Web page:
Simplified, he who heals is right. Economists and global health authorities pay additional or primary attention to financing and cost-effectiveness. Some studies pay attention to the cost of health care per capita and what the government ultimately has to pay in addition. So the expenditure per patient, per citizen, and what percentage is that of the gross national product? The question arises, how do Malta’s private hospitals find their way into the studies?
The former president of the World Medical Association, Professor Frank Ulrich Montgomery, announced the study of the World Population Report at the beginning of the millennium. There, he said, France, followed by Italy, San Marino, Andorra, and Malta were the best health systems. The U.S. News found Canada, Denmark, and Sweden followed by Norway as the best health systems in the world in 2020. The U.S. news and stock market network Bloomberg finds, according to Covid-19.
Singapore, Hong Kong, Taiwan, South Korea, Israel, and Ireland are ahead of Australia and New Zealand.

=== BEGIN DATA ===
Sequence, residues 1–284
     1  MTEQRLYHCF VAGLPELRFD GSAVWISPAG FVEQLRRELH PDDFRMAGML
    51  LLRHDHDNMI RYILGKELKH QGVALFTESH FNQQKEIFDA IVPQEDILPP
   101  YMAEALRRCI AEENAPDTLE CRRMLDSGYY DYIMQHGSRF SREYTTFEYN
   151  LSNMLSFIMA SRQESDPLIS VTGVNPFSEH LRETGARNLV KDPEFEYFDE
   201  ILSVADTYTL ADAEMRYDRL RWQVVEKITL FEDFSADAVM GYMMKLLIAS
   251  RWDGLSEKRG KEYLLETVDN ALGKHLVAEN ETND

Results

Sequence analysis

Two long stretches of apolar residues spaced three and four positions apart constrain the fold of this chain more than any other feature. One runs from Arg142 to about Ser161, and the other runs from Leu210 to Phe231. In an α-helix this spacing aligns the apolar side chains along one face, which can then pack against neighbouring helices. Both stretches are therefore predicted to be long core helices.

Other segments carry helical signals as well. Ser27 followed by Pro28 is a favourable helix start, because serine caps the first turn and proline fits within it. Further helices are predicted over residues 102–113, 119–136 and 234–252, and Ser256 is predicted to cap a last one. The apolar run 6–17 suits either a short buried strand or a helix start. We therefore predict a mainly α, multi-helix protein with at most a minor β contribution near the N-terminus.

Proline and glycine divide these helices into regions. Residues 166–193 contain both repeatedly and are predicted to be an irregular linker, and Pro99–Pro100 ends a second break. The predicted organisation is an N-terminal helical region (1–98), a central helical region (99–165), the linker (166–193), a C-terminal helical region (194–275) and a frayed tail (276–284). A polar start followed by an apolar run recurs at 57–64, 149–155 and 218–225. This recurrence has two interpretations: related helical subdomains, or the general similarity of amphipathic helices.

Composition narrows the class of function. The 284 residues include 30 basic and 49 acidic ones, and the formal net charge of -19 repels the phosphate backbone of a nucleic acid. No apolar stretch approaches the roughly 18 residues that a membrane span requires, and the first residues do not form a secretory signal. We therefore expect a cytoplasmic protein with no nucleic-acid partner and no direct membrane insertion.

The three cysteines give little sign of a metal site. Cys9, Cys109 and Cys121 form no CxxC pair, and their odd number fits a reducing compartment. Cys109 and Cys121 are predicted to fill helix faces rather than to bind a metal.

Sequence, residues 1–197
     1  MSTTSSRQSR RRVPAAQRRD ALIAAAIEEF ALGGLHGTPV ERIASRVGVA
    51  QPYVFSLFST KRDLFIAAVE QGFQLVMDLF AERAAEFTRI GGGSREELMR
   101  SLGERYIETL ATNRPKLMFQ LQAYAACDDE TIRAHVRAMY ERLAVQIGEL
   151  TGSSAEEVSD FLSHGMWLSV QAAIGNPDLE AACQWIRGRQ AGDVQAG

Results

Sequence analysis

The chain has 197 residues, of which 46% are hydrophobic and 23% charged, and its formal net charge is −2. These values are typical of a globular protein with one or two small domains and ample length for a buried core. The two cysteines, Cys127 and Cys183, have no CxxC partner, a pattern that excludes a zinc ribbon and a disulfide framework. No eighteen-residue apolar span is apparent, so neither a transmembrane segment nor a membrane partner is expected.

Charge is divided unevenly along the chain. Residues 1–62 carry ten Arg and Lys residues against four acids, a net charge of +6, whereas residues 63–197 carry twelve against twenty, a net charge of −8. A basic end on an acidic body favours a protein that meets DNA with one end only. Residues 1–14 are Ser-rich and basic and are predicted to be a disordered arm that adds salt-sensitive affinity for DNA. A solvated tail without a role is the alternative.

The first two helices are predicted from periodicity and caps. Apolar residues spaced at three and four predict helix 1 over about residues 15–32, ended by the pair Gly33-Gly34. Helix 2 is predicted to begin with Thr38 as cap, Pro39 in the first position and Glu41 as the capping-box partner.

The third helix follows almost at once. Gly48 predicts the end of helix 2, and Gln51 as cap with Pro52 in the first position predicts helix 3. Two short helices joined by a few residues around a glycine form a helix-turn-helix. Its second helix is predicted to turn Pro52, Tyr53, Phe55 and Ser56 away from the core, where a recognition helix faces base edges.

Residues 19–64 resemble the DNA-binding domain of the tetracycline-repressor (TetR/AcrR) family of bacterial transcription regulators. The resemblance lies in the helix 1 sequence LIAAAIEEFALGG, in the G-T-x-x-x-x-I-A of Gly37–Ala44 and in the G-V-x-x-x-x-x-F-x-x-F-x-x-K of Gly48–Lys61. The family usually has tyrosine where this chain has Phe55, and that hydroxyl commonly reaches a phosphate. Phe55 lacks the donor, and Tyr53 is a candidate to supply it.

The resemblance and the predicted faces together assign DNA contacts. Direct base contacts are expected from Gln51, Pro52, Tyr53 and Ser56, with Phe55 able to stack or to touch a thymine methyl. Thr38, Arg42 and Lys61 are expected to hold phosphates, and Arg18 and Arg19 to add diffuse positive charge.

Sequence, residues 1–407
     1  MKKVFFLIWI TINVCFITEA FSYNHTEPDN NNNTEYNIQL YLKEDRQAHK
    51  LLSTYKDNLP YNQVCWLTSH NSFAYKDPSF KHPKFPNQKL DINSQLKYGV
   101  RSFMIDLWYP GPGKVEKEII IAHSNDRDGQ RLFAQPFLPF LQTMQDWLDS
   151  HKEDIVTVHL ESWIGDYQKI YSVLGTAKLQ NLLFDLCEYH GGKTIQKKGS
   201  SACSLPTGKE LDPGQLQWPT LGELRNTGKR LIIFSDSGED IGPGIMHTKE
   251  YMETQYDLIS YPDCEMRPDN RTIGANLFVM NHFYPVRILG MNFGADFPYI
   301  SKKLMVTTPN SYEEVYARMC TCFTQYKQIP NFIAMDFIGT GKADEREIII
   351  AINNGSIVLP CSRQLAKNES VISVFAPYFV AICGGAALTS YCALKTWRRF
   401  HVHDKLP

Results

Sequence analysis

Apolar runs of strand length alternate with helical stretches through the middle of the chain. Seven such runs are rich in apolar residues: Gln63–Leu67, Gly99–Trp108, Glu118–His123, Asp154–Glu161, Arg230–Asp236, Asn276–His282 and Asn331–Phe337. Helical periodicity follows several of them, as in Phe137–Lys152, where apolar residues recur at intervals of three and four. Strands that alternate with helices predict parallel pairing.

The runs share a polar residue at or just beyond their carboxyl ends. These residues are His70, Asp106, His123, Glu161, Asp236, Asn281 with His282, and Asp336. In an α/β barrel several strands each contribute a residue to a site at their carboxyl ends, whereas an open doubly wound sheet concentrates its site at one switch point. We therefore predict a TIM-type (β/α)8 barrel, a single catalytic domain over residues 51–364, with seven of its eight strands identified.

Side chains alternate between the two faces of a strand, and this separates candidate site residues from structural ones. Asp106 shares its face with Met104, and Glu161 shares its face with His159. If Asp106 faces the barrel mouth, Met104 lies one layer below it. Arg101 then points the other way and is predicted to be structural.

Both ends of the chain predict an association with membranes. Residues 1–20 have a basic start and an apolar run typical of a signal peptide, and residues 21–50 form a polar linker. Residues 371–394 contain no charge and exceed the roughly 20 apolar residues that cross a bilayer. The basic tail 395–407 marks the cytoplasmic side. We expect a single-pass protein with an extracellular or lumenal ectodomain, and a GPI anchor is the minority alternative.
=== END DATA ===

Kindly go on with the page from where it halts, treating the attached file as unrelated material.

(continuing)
Different studies prove everything and nothing
There are few long-term statistics and calculations that Malta leads the world in any one sub-area of health care. In the multitude of studies by the EU, WHO, World Bank or even OECD, with the European Observatory on Health Systems and Policies, Malta is found in the middle of the field worldwide and in the EU. In the GHS index of the end of 2021, Malta is ranked 83rd out of 195 countries. The WHO ranked Malta 11th for the first time after the COVID-19 pandemic, with a score of 81.7. This can be explained by the closure of the island during the pandemic and the high vaccination rate of over 90 percent. Whether the rank can be defended for several years without another pandemic? The World Population Review even downgrades Malta from 24th to 25th place in 2021.